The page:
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Archive for November, 2017

I’ve had the privilege of sitting in on a healthcare innovation class put together by the fabulous Emer Dooley for the University of Washington. The learnings from that class are a whole blog by itself. In talking about healthcare, a quick reference to its significance as an expense is that it’s the 2nd largest single expanse a company has, after payroll. The unpredictability & volatility of it as an expense for self-insured companies is a significant stress point for companies not used to being in the insurance business (The AOL “distressed baby” mishap being an extreme example) but the overall expense is so high that companies as small as 3,000 employees are going self-insured. Net, that means they keep the premiums, they take the risk on the expenses, and they pay an insurance company a small % to handle the administration & billing.

Now to that “single” biggest expense of payroll –if you look at a public financial statement it’s usually there as a lump sum. This is a great example of how financial statements are written for and by accountants. Payroll for small companies is often outsourced to a third party to make sure all the appropriate tax withholdings are done and passed on to the appropriate authorities at the right time. Larger companies may bring that back in as a department. For the company itself, it’s a big expense that happens on a single day, 2-3 times a month. Reconciliation of it is complex because employees can have all kinds of individual variations with deductions, vacations or leaves, new and departing employees. For the accounting department, payroll is a BIG deal. For managing cashflow, payroll is a BIG deal. It needs to be attended to as a thing.

But what a skilled executive/manager should know, is that payroll is not actually a thing in itself. If you’re looking at your expenses, it’s not helpful to look at “payroll”. It represents an agglomeration of many functions of a company – product creation, product validation, sales, distribution, marketing, customer relations. When you’re thinking about how your resources are currently allocated and might be better allocated, you want to think about those categories, and the people/energy going into them, and the effectiveness of those against expectations for their category. If you’re looking to invest more or make cuts, good management is to focus on those areas of company function, not just on “payroll”.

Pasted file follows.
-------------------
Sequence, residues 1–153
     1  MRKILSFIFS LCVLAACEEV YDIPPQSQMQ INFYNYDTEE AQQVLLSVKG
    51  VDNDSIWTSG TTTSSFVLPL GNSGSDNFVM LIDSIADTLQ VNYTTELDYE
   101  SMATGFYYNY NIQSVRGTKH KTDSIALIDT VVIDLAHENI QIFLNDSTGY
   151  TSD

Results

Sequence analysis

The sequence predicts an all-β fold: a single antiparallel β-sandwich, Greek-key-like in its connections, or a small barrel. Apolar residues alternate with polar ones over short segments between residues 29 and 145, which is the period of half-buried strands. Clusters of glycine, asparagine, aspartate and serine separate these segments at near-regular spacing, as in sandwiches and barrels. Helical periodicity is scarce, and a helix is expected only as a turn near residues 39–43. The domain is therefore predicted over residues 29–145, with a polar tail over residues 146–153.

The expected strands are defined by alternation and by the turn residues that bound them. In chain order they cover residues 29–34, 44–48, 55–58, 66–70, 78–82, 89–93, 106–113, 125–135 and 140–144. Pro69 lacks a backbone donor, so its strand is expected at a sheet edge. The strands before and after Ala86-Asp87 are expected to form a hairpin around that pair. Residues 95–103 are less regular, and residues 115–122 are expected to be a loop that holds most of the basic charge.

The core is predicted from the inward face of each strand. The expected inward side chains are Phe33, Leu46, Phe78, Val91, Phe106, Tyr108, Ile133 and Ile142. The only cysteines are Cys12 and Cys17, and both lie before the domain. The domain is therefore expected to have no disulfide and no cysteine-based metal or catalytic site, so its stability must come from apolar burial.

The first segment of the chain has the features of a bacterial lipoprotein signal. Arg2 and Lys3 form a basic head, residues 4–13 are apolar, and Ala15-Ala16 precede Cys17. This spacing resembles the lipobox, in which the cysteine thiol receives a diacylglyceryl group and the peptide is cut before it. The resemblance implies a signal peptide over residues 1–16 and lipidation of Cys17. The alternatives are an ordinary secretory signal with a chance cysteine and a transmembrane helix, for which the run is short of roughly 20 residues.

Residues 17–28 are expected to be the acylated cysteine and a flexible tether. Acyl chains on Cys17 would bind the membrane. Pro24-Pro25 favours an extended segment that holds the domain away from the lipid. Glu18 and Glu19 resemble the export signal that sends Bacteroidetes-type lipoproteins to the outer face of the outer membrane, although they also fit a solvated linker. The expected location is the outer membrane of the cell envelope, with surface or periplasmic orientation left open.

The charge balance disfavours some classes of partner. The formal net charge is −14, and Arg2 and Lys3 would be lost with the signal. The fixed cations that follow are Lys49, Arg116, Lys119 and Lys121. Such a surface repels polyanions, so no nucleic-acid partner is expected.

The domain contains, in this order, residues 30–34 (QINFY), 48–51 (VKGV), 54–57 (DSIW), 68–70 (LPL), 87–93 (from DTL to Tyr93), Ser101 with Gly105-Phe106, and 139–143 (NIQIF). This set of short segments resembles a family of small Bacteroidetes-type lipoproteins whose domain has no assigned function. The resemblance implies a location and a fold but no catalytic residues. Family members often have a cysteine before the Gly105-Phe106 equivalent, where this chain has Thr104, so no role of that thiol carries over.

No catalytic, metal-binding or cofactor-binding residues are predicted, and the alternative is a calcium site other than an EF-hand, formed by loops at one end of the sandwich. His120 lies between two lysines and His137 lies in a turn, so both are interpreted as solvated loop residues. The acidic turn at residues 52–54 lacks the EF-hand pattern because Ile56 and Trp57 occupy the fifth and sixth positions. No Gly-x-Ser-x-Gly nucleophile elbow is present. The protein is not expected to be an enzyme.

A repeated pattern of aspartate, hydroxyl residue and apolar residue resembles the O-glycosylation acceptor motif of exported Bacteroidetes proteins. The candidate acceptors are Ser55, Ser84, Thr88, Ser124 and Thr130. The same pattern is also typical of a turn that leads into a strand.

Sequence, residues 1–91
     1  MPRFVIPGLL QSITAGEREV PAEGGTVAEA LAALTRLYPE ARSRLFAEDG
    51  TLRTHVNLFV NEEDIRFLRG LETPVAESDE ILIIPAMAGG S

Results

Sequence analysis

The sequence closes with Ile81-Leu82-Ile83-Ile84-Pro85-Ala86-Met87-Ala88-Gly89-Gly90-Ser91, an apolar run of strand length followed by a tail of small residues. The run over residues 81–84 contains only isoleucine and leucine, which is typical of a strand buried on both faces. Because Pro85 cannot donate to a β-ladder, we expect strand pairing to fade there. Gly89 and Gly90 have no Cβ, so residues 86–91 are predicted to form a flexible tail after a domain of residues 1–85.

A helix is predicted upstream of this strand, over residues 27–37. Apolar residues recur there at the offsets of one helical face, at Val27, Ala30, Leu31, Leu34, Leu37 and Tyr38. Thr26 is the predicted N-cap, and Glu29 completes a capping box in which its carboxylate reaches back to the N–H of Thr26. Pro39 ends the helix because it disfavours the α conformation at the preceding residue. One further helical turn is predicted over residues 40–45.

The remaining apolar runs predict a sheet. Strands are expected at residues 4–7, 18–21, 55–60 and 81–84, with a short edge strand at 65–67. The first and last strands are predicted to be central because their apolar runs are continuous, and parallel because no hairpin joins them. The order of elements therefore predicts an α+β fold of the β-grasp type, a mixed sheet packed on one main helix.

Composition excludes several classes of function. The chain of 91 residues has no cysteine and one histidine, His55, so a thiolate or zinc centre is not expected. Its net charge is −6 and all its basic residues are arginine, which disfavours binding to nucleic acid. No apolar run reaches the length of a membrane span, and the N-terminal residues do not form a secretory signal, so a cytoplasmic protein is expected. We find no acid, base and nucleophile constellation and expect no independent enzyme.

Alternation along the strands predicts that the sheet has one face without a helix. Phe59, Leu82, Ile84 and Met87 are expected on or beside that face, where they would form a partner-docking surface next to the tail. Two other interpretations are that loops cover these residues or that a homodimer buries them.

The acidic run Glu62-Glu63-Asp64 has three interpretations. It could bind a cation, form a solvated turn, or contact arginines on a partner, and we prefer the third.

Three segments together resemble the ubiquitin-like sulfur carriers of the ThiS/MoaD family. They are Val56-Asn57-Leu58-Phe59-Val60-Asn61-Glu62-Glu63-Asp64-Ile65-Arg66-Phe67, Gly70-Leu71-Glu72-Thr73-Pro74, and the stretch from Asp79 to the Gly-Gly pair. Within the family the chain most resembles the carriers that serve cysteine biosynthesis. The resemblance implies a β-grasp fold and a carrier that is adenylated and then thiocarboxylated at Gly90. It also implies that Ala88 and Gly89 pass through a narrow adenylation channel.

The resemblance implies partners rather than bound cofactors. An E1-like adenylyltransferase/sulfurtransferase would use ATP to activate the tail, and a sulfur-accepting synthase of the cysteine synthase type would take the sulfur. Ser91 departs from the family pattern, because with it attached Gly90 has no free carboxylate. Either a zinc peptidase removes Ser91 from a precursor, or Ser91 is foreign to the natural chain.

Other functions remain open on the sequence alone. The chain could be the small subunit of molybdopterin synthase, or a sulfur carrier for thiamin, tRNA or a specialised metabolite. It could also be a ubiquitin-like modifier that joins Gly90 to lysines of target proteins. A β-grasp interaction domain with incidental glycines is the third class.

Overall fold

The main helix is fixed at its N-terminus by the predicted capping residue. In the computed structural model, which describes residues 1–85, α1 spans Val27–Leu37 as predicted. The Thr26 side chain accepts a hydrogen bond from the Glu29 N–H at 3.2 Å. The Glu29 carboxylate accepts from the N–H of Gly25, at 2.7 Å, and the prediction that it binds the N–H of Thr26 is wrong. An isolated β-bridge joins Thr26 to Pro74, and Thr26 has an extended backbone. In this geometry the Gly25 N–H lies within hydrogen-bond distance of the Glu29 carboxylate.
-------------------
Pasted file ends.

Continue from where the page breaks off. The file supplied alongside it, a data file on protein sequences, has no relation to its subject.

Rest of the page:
This is reinforced for me as I listen to Zeynep Ton’s The Good Jobs Strategy. She talks about her work with retail chains facing falling sales and deciding to cut payroll, without doing the analysis to discover that the falling sales were due to poor customer service. Instead of improving profitability, they got into a vicious circle that resulted in store closings. She worked with Borders for 5 years and was able to show that in many cases, increasing payroll actually increased sales. They key there is again, that payroll is not a thing – it’s a construct made for the accounting department to manage cashflow. What they were really tinkering with was customer service.

If you run one of the many small (and not so small) businesses managing on Quickbooks, congratulations to you if you’ve developed a habit of looking at your P&L on a monthly basis and comparing it to budget and re-projecting your cashflow. Most likely, you have a line item that’s “payroll”, or “wages”. You can start by at least breaking it into sub-categories: marketing, sales, production (hopefully you are already be breaking out your direct labor so you can correctly calculate fixed costs vs variable costs), administration, distribution. Things like IT and professional services if outsourced will show up somewhere else. Then go ahead and let all the payroll taxes sit as a lump sum because they’re not really discretionary anyway. The key here is to look at your relative investment in the various functions of your business.

If you really want to look at it that way, go ahead and move those payroll categories into the various sections of your P&L. Keep them as distinct line items so you can add them back together when you or your bookkeeper are doing bank reconciliation against that transfer to the payroll company. Again, you can leave payroll taxes as a line item under administration or general, though for finer grain detail on the total cost of in-house vs outsourcing you’ll need to consider the payroll taxes. Then a quick glance down your P&L will help you see where the resources of your company go at a high level. Are you investing enough in marketing? Whether it’s outsourced or in-house, whether it’s labor or google ads, how much is it as a % of sales? Are you spending a significant amount on production or service? If that’s the business you’re in, I hope so. If it’s not translating into sales, you can start asking why.

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